HANGZHOU, China — After a year’s delay due to COVID-19, the 19th Asian Games officially opens in Hangzhou on Saturday with hosts China’s athletes hoping to lay a marker before next year’s Paris Olympics.
With more than 12,000 athletes from 45 nations competing across a whopping programme of 40 sports, the Games will be China’s first mega-event since last year’s Beijing Winter Olympics, which were held under strict COVID protocols.
Following the scrapping of China’s “zero-COVID” policy in late-2022, Hangzhou promises to be a more festive event.
Fans, athletes and officials will move freely between shiny, new stadiums in Hangzhou and five other Yangtze River Delta cities in one of the country’s most prosperous regions.
Like the 2008 Beijing Olympics and 2010 Asian Games in Guangzhou, local organisers will hope Hangzhou can showcase the nation’s strength and that home athletes will put China top of the medals table as they have done at the last 10 editions.
Given the quality throughout China’s 886-strong delegation, there should be little doubt of the latter, at least.
The Games’ novelty factor will instead lie in new competitions, even if some stretch the definition of sport to its limits.
Organisers have jumped aboard the Olympics’ youth push, adding breakdancing — or ‘breaking’ — to the programme a year out from its Olympic debut at Paris.
Esports will be a medal event for the first time after being a demonstration event at the 2018 Asian Games in Jakarta.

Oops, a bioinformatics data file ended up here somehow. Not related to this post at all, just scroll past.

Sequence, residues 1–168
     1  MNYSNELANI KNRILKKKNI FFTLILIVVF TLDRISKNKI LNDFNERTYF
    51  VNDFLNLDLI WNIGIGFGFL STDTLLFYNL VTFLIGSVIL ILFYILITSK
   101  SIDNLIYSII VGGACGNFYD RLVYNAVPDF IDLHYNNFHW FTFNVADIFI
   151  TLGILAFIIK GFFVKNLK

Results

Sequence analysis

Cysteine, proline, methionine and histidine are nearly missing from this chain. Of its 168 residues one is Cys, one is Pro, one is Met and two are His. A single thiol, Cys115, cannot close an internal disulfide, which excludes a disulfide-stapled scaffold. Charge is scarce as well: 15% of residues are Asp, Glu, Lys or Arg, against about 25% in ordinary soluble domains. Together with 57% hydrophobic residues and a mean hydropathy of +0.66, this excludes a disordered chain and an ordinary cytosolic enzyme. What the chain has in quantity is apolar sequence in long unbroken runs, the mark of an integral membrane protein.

After being dropped from the 2018 programme, cricket returns at Hangzhou in the Twenty20 format to give the sport another push before its expected addition to the Olympics for the 2028 Los Angeles Games.
Cricket powerhouse India will be busy preparing for the 50-overs World Cup starting in October but will send men’s and women’s squads to the Asian Games for the first time in a coup for Hangzhou.
Though organisers scrapped a controversial plan to allow Russian and Belarusian athletes to compete at Hangzhou, the continental bloc is riven with geopolitical tensions that could spill over in competition and in the stands.
North Korea is sending a nearly 200-strong team to Hangzhou, ending its isolation from global sport since the COVID-19 pandemic.
Though women’s sport is effectively banned in Taliban-ruled Afghanistan, the nation will be represented by 17 female athletes in cycling, volleyball and athletics, funded by the Olympic Council of Asia (OCA) and the International Olympic Committee (IOC).
Nine of the sports in Hangzhou come with the additional prize of qualification for the Olympics including archery, boxing, breaking, hockey, sailing, tennis and water polo.
Some of the events lack big names due to scheduling clashes but there is a sprinkling of stardust in swimming, athletics and gymnastics, and heaps of it in the table tennis, badminton and weightlifting competitions, Asia’s traditional strengths.
China’s butterfly queen Zhang Yufei will bid for a fourth gold in the pool at her third Asian Games to add to her two Olympic and two world titles.
The hosts’ newly crowned women’s world number one golfer Yin Ruoning will tee off in the individual and team events, five years after taking a team bronze for China at Jakarta.
Indian fans will cheer on their first Olympic athletics champion when Neeraj Chopra throws in the javelin.
With the election under review and billions of dollars of sports funding in play, IOC President Thomas Bach is expected to be a prominent guest at the Games’ opening ceremony on Saturday.